Biking through mint-scented clouds

I was reading a great blog post yesterday and got to the part where the author says “My bike just makes me happy on this immediate, cellular level” and quit reading because I needed to be on my sweet Electra Ticino (see below).


Biking season is back in full force as are the mint-scented clouds of exhaust coming from the physical plant at the Eastern State Hospital, the second oldest psychiatric facility in the US. I encounter those mint clouds as I cut through the facility on my way to the Legacy Trail, which runs from the Northside neighborhood of downtown Lexington out to the Kentucky Horse Park. I love marking the start and end of the 16-mile ride through the countryside with mint–coincidentally, the color of my bike is called wintermint (see below)!


Mint aroma compounds are influenced by  three main chemical groups in mint stereoisomers: methyl, isopropyl, hydroxyl. Menthol (specifically, the -(-) methold stereoisomer) is the main compound in mint that stimulates cold receptors but camphor and terpenes also play minor roles. Not surprisingly, inhaling these mint clouds (see left) at the start of the ride is highly invigorating.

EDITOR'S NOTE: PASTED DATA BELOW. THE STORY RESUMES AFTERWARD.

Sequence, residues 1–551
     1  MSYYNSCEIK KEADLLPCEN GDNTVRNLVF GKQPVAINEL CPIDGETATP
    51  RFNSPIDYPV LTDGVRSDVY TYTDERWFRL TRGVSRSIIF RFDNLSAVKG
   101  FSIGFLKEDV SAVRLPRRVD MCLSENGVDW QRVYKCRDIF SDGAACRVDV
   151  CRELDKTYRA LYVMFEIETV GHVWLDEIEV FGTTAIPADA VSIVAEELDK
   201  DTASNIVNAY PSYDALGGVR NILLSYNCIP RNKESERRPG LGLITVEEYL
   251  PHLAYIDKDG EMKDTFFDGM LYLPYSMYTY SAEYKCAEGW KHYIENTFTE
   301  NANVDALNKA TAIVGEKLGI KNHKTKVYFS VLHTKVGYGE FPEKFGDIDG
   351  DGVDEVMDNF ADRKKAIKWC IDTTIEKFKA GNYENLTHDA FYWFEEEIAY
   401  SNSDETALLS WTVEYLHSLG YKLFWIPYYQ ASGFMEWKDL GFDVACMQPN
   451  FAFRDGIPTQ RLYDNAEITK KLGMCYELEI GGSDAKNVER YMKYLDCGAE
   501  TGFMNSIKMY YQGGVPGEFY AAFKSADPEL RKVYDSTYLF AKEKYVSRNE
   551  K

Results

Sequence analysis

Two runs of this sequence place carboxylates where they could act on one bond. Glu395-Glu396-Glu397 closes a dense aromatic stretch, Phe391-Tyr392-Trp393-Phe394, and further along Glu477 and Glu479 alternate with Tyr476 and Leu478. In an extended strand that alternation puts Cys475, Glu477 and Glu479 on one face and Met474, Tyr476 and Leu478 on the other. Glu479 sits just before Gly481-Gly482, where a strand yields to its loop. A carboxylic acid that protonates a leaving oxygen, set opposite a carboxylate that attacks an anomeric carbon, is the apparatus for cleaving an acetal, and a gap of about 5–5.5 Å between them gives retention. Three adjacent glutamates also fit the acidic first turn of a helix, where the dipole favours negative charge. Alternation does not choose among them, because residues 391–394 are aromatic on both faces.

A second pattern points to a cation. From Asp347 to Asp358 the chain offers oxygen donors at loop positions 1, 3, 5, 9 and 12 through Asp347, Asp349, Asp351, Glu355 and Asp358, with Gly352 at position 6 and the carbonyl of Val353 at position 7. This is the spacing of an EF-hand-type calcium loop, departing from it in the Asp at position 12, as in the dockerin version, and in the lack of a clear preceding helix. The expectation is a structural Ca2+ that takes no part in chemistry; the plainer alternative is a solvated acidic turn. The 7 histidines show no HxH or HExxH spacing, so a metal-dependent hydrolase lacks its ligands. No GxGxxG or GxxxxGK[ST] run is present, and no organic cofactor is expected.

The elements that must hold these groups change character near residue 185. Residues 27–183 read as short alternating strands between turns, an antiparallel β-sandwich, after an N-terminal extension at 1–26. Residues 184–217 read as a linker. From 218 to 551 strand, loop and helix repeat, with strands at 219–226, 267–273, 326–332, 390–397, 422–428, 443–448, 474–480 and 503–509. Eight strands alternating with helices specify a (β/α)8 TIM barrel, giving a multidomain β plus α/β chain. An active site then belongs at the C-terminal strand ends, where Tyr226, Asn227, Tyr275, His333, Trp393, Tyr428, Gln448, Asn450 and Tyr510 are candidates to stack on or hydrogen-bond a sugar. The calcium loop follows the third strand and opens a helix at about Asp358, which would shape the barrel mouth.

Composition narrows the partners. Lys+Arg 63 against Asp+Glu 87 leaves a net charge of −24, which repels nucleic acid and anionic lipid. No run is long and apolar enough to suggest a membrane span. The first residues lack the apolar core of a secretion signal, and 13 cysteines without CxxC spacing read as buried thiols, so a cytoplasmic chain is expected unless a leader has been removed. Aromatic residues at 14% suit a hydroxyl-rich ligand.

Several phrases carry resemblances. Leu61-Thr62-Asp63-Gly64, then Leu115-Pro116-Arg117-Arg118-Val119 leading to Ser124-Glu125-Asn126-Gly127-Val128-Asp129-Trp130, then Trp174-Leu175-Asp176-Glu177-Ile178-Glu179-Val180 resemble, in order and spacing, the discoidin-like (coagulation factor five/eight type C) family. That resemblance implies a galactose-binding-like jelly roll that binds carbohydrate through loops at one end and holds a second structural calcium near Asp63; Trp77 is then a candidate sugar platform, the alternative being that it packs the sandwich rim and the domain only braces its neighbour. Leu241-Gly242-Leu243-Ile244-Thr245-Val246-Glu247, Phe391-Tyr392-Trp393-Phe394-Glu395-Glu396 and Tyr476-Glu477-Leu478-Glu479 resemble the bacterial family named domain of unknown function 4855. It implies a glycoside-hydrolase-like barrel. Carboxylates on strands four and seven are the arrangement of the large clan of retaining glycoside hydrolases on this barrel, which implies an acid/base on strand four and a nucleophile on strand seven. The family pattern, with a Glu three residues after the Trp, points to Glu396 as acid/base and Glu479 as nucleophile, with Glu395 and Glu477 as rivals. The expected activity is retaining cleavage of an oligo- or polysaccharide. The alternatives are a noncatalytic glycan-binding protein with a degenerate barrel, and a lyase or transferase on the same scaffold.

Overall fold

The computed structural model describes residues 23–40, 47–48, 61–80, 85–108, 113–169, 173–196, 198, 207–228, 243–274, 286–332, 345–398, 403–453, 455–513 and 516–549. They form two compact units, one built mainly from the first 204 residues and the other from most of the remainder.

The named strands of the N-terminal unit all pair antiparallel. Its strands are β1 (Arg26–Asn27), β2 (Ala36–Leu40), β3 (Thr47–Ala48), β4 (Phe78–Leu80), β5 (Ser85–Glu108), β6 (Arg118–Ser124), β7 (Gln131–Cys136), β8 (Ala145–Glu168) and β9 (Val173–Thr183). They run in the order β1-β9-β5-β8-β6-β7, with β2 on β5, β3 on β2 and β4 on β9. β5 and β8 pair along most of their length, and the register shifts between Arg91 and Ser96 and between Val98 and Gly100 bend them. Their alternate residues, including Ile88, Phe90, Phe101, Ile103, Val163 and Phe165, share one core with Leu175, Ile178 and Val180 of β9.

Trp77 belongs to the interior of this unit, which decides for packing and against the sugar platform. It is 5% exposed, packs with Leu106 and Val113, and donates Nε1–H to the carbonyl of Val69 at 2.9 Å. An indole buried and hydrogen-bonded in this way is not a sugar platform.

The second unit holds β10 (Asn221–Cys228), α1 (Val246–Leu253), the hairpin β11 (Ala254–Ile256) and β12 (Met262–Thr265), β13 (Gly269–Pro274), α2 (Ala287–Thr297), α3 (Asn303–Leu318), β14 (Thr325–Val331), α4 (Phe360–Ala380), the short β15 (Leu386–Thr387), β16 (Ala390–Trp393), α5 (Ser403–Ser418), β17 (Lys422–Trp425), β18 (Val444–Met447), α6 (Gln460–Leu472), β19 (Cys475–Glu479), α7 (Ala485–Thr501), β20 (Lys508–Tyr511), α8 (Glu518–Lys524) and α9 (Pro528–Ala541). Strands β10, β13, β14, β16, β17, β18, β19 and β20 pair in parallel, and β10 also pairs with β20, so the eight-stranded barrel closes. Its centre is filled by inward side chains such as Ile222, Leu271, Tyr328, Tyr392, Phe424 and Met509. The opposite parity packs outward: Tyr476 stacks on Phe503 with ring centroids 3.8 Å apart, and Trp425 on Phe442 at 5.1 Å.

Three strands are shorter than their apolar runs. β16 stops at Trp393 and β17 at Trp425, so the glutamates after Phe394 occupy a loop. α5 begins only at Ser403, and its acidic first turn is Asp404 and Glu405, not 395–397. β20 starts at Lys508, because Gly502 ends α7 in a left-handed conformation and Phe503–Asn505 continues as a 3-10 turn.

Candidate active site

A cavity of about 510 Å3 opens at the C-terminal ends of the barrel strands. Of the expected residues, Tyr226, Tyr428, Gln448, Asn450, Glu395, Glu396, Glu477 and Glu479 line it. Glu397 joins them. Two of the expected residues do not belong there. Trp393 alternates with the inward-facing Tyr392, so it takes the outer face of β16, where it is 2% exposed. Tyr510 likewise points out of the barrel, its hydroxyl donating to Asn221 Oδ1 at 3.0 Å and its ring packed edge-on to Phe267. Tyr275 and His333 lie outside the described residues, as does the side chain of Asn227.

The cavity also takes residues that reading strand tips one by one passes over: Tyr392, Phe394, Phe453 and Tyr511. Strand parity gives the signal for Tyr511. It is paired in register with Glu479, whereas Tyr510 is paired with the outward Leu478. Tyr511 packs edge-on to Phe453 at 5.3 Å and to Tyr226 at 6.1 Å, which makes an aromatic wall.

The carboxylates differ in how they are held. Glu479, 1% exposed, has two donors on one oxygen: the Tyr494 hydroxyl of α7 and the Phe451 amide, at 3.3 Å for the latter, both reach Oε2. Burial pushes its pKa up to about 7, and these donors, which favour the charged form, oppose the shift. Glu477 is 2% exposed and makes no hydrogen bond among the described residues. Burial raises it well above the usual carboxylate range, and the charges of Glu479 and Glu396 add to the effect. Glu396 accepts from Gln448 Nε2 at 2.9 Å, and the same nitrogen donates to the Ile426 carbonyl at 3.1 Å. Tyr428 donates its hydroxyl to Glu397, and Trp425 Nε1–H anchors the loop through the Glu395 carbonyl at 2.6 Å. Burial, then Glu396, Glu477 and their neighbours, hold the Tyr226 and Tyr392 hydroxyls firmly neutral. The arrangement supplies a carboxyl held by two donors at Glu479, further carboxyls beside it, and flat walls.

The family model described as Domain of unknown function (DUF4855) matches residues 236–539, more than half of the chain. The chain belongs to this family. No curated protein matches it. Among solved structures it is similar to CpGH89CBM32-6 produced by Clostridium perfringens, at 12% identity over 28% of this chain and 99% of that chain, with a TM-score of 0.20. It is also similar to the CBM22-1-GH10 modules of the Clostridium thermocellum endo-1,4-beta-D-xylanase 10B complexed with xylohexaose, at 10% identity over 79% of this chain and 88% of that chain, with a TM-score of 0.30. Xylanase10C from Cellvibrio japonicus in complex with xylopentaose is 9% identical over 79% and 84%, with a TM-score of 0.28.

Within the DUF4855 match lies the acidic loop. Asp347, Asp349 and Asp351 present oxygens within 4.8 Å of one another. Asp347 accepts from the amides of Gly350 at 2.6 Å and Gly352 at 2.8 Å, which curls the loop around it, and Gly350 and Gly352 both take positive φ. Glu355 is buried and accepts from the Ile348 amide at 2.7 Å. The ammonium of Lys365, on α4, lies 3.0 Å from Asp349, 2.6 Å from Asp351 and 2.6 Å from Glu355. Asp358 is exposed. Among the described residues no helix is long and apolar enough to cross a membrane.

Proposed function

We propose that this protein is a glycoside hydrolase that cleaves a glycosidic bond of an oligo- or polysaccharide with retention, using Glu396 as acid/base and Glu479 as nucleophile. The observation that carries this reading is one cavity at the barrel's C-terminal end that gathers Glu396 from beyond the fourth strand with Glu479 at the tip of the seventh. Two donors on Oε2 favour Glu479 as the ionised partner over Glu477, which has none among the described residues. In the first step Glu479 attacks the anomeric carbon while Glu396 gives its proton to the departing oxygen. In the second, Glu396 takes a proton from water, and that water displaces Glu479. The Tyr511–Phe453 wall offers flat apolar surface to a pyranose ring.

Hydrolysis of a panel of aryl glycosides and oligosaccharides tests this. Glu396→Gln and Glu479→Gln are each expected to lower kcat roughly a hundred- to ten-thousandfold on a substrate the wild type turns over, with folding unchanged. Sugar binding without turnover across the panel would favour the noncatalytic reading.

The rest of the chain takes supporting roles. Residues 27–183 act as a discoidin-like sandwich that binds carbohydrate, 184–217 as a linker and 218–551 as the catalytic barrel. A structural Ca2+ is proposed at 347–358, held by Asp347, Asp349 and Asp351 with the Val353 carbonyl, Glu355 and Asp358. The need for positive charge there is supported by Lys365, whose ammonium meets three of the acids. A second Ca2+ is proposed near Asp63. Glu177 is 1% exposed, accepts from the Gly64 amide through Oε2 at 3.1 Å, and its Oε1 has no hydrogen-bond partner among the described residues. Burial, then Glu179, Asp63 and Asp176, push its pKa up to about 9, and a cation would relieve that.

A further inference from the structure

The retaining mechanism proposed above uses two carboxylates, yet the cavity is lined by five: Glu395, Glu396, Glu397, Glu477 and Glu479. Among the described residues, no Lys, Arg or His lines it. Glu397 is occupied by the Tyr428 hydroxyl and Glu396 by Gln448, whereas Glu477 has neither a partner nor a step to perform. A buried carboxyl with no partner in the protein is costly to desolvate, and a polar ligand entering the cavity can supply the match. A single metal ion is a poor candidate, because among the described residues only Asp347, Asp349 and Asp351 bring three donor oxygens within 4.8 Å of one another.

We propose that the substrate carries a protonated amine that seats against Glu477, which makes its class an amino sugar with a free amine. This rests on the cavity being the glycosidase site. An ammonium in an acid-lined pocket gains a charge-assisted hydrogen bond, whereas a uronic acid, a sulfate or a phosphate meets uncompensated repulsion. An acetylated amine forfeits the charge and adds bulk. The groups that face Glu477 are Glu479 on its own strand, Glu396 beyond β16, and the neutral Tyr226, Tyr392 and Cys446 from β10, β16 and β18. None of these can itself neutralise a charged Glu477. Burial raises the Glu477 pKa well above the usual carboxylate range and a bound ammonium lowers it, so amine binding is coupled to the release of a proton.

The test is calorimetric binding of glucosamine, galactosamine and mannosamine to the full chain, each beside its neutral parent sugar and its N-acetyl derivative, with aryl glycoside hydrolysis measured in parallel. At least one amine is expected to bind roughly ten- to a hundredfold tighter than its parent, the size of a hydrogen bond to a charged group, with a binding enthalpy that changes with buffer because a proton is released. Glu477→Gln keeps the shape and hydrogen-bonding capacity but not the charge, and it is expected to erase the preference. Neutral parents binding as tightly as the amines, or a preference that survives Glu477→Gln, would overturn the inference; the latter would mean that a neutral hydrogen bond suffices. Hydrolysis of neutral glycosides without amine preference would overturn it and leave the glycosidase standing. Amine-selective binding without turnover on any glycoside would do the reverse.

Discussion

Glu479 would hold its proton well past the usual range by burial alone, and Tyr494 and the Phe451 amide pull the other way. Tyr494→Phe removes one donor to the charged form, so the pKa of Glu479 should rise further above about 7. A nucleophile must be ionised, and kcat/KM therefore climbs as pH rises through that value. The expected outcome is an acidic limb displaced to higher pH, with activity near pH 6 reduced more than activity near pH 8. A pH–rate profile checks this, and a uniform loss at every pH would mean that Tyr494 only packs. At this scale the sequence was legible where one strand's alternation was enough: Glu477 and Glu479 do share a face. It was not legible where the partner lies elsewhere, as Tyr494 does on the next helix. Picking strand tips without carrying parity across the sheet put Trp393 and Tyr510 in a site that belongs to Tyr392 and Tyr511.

About 2.5 miles along the trail, there is this funny little zone punctuated by microclimates of hot and cool. Throughout the short zone (short b/c you are flying down a hill), I get whiffs of what I can only describe as sweet rice. The trouble with English (and so many other languages) is that it is limited to describing odors by other odors. Since humans potentially experience odors differently relative to our olfactory receptor configurations (and underlying genetic architecture), my description of sweet rice may not be accurate for another nose. I have yet to identify the plant that emits the odor but it is a marshy area with a small creek running through it–a marsh plant perhaps? Possible candidates are a mallow plant (part of the hibiscus family, perhaps the common mallow–Mallow neglecta–found across the US) or some kind of rush or sedge (maybe something like Acorus calamus). I love not knowing what it is and thinking about it every ride. One of these days, I will get off the bike and investigate!

There are lots of other scents along the way that punctuate the ride–the least pleasant is the major road the trail crosses that smells like diesel from the semi trucks. Still, even the diesel doesn’t bother me so much b/c I have miles of trail ahead and behind!


Published by Kara C. Hoover

I am a bioanthropologist living in Alaska studying human olfactory variation and prehistoric human health and diet.

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